Photo above – Patrick Kielty during a conference on ending sectarianism at the University of Ulster’s Belfast Campus.
A ‘personal covenant’ between church leaders at a local level could be a model of how to respond to the unspoken and hidden sectarianism endemic in Northern Ireland, argues the Rt Rev Sarah Groves of the Moravian Church –
Many years ago, I was at an ecumenical Church service for healing. I was well, and did not think I needed to go forward for prayers for healing.
Then I was nudged sharply by one of my fellow ministers who said that if I did not go forward for prayers then my congregation would not go forward either. I learnt in that moment the importance of gesture.
In Northern Ireland we are clearly not in the same place as we were 50 or even 20 years ago, but we are still in a dangerous place with no functioning political mechanism at Stormont and deep divisions in communities.
But despite polite exteriors there is still prejudice underneath the surface, from Protestants towards Catholics and from Catholics towards ‘the British’.
Sectarianism is still a real part of our society and as Church leaders and representatives I believe that we must be visible in challenging it when we meet it.
I am in awe of the way that so many faithful and generous Church ministers and priests, bishops and presidents have served their people and communities here in Northern Ireland.
Every time I listen to what they say I thank God for them and ask that God will continue to bless them.
The Rt Rev Sarah Groves
My question is, are we now in a place where we need to move forward together in a new way and make a gesture that our congregations can follow?
I would like to see a covenant – and I recognise that this is a term with a difficult history here but perhaps it is time to reclaim this Biblical word?
This would be a personal covenant to support each other as ministers, to pray together and to work together.
Perhaps that could be done at a Church leaders’ level and cascade down, or perhaps it could be done at an individual minister’s level and spread at the grass roots level until it became commonplace and the Church leaders adopted it too.
It would be a conscious effort to be seen together; a commitment to prioritise ecumenical meetings and to see them as vitally important; to pray together and to worship together and to publicly support existing lay initiatives such as Church members’ forums, the Women’s World Day of Prayer and so on.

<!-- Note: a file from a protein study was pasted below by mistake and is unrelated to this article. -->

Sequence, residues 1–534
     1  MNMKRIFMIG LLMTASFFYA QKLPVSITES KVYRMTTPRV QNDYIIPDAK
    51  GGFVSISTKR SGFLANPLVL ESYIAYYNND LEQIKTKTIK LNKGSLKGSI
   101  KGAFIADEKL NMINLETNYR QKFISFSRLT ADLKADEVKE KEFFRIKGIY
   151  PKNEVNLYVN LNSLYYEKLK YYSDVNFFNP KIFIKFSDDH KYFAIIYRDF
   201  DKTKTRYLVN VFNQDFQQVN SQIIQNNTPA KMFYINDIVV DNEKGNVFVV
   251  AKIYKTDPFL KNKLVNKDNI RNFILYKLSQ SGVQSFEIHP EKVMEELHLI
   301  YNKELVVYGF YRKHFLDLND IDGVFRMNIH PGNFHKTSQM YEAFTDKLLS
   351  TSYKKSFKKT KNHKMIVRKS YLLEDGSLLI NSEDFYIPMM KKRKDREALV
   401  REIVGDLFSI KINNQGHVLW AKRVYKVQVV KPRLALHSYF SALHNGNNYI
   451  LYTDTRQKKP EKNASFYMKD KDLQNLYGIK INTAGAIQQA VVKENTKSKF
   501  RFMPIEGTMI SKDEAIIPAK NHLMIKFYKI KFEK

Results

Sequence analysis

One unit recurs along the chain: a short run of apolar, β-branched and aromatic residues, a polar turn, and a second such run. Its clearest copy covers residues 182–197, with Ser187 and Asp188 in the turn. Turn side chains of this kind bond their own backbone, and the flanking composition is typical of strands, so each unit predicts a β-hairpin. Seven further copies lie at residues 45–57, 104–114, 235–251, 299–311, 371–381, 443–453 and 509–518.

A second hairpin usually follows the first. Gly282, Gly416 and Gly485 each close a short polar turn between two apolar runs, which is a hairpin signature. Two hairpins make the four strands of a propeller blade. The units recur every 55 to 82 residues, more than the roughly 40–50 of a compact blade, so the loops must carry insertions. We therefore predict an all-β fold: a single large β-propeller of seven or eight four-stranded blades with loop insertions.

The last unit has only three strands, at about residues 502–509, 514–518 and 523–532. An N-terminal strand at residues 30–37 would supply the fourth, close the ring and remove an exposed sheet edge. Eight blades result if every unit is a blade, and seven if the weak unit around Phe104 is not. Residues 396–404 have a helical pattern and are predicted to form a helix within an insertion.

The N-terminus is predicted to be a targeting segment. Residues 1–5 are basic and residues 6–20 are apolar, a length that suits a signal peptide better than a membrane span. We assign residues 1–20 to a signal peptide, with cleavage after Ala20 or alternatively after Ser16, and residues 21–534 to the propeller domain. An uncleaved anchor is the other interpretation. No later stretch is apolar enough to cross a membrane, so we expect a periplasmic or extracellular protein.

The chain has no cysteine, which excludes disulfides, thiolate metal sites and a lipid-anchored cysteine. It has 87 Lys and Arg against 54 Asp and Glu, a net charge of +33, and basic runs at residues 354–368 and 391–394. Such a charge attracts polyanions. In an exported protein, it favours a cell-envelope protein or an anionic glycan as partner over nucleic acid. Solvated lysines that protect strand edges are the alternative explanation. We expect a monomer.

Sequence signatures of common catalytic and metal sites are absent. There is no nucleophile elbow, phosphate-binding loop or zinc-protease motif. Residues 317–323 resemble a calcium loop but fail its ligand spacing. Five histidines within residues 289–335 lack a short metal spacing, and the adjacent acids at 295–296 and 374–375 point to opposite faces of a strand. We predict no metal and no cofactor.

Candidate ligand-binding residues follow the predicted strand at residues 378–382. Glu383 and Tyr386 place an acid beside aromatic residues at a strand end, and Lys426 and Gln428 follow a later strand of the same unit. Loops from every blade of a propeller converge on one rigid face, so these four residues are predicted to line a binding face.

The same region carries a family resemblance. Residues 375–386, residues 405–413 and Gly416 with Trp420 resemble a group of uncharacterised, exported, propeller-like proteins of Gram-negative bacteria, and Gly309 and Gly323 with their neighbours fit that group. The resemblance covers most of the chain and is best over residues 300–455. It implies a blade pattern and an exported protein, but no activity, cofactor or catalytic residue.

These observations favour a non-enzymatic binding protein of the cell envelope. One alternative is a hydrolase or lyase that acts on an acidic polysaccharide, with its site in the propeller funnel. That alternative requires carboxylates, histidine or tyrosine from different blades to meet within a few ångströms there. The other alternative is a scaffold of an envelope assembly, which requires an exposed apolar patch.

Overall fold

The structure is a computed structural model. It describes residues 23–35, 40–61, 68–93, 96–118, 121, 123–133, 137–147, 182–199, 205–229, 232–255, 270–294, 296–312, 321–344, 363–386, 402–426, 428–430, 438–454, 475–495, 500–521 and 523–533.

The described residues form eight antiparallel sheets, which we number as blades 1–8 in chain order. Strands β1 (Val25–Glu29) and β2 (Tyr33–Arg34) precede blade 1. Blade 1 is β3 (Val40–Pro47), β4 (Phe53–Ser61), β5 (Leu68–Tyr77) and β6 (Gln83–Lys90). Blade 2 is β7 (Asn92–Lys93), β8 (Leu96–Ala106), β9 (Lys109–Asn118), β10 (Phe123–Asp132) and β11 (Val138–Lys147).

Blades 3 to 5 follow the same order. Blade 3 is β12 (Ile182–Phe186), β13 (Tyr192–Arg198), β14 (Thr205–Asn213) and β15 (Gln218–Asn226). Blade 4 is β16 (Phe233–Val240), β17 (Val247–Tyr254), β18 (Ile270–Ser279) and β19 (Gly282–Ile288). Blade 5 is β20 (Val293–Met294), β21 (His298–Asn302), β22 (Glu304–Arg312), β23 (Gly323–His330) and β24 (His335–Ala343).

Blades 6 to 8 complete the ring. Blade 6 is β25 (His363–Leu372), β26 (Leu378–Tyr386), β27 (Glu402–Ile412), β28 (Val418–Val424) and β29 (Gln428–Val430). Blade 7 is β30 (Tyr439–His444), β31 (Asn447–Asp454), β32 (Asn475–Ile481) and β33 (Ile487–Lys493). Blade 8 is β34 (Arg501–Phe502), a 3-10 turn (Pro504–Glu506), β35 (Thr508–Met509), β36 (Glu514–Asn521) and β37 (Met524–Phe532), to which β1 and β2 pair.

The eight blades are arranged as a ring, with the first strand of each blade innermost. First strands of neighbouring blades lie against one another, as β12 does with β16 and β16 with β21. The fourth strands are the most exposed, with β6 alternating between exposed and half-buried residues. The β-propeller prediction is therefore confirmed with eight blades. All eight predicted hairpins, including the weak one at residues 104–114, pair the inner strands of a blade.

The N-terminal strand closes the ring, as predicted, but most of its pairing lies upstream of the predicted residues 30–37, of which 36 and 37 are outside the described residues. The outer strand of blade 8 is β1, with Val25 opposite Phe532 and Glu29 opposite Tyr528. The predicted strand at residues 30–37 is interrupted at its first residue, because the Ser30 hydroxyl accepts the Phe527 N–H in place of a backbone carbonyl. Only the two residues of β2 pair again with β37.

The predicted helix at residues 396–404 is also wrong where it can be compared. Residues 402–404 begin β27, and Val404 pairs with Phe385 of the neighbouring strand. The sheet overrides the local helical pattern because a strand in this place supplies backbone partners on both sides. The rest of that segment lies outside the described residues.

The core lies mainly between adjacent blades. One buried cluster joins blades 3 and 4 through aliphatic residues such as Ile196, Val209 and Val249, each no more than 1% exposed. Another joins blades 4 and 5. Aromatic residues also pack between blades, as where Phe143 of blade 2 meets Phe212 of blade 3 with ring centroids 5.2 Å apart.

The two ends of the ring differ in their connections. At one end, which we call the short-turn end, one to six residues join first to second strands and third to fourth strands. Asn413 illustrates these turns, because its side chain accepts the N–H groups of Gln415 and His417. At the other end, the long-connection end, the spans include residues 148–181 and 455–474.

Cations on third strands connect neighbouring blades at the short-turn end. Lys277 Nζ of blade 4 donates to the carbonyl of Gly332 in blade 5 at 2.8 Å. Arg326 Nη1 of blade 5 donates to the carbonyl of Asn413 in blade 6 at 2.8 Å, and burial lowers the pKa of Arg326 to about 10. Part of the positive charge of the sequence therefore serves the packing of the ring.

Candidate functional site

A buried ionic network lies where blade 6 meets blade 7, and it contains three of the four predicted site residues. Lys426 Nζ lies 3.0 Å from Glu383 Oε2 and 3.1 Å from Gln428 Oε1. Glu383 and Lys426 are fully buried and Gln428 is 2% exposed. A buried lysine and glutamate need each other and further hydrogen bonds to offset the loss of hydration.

I recognise that not all Churches and ministers would be able to support this.
But I think a Covenant would mean that local ministers in an area would be able to focus more clearly on tackling sectarianism – not just in denouncing it but in consciously modelling a positive view of other Churches and communities.
Recently in a sermon on the life of Elijah I referenced the life of Archbishop Óscar Romero and his martyrdom. I did not avoid it because it meant referencing a Catholic cleric.
I recognise that even a personal covenant might be very difficult for those ministers who are directly paid by their congregations – who pays the piper calls the tune… But some form of stand against sectarianism has to be part of mainstream Christian witness and life.
We are called to be exemplars of our faith and it has to start with us, whether at the local parish level or as a diocesan or denominational leader.
We can’t say we are against sectarianism unless we are actively working against it, unless we model non-sectarianism in our own lives.
How can we expect our politicians to work together if we do not?
I have learnt a lot about people’s inner thoughts and fears. There needs to be an honest space where we can learn each other’s perspectives and views and challenge each other and support one another.
“Despite polite exteriors there is still prejudice underneath the surface… Sectarianism is still a real part of our society and as Church leaders and representatives I believe that we must be visible in challenging it when we meet it”
I recognise too that people have difficult stories and that embracing the other may be something that is a step too far for them and it is not my intent to dragoon people or to hurt them more than they are hurt already.
One of the things I learnt was how difficult things are for those in ‘mixed marriages’, with restrictions on where they can live, the schools to which their children grow and difficulties, if not downright suspicion, from family members particularly around the issue of baptism.
I recognise too, the generational nature of sectarianism and that seeds grow into plants in the soil in which they were sown.
Jeremiah 29:7-8 says that the exiles should seek the welfare of the city to which I have exiled you.
I am proud of my nationality but my first citizenship must be that of the Kingdom of Heaven.
That must always have my highest allegiance and everything I wish for politically must be viewed through that prism.
A Covenant would:
Recognise that we share a Christian faith
Accept that our theologies, polity and Church traditions are different
Commit us to be generous and honouring in our understanding of these different theologies
Commit us to build friendships across the denominational boundaries
Commit us to pray for each other privately and publicly
Commit us to share worship privately and publicly as far as is possible without breaking denominational rules
Commit us to witness publicly to our shared Christian faith
Commit us to work together for the good of our society
The Rt Rev Sarah Groves is a bishop in the Moravian Church and minister of Gracehill in Co Antrim. She was involved in the Irish Council of Churches response to the report Sectarianism in Northern Ireland: A Review, prepared for the Sir George Quigley Fund by Professor Duncan Morrow and published in May
The Irish News, November 7, 2019